When I got married to my sweet husband six years ago, I had a revelation.
I noticed that my husband and I shared the responsibilities of household work pretty equally, like vacuuming, dishes and laundry. But when it came to maintaining family relationships in the form of kin work, my husband took little initiative and I did much of it alone. I started realizing that I felt responsible for thinking of Christmas presents, sending birthday cards, and even planning Father's Day and Mother's Day events—for his family and mine. This really got me thinking.
It bothered me that, as a woman, the message I'm sent from society, my family and my network is that I can accomplish anything in my life. We encourage little girls and young women to choose career paths that are exciting and rewarding to them, and to shoot for the moon. But within the family, women often remain in the same roles they've played for decades. Career And Family: Can We Really Have Both?
This topic interested me so much that I decided to write about it in my doctoral dissertation. Through my own research, I discovered a couple things about us ladies, and the work we do around the holiday season especially. 1) Mothers feel responsible for creating happy holiday memories for their children, and while this is joyful at times, especially seeing children so happy, mothers also feel stuck in that role. 2) Mothers want their children to want to come home when they are grown up, so they feel the pressure to make the holiday season as perfect as possible. They feel torn about this role because it's a source of power in their lives. This is one area, in a world that still typically views men as more powerful, where women are experts in charge. But it's also a huge burden to bear.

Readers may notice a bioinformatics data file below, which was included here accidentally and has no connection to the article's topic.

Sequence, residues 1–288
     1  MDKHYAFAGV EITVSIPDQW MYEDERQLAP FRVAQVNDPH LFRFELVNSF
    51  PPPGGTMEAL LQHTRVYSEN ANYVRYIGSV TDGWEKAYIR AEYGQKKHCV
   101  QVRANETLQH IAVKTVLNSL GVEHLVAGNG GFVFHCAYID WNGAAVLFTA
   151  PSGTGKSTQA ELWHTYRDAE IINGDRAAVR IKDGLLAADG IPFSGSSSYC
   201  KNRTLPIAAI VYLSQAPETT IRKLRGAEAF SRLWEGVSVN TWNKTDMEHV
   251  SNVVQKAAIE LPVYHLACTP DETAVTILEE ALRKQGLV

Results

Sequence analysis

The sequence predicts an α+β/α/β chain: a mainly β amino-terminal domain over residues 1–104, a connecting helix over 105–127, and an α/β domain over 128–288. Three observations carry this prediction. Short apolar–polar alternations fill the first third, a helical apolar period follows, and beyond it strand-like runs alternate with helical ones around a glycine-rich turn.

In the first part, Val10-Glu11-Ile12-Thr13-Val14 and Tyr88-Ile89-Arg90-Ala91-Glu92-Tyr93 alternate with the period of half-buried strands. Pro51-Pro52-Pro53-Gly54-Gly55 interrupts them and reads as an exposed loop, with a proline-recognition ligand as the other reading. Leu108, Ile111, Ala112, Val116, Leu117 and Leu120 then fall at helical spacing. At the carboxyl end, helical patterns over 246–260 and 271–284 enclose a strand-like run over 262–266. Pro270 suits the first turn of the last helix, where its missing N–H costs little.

Does this sound like you? Do you feel the pressure to make Christmas completely perfect for your family? Does everyone expect you to make twelve dozen different types of cookies, set up two Christmas trees, and top each gift with a perfect little bow? Some women in my research reported feeling as though they had "created a monster" by making the holidays so darn magical. They felt stuck doing all the work, even though they would have liked to put less emphasis on the decorating and preparing, and more emphasis on simply "being present" during time with their families. 10 Ways To Have A Loving Holiday Season
If you're feeling the burden of the holidays, why not make things a little less magical and a little more enjoyable this year? If you fall into the category of "overwhelmed to the max" as we enter this wonderful season, you've come to the right place. I've gathered a few tips that might make a difference, and even allow you to create lasting change within your family so the work is finally spread out. (Hint, hint: It's time to get your husband and children involved in the work this season!)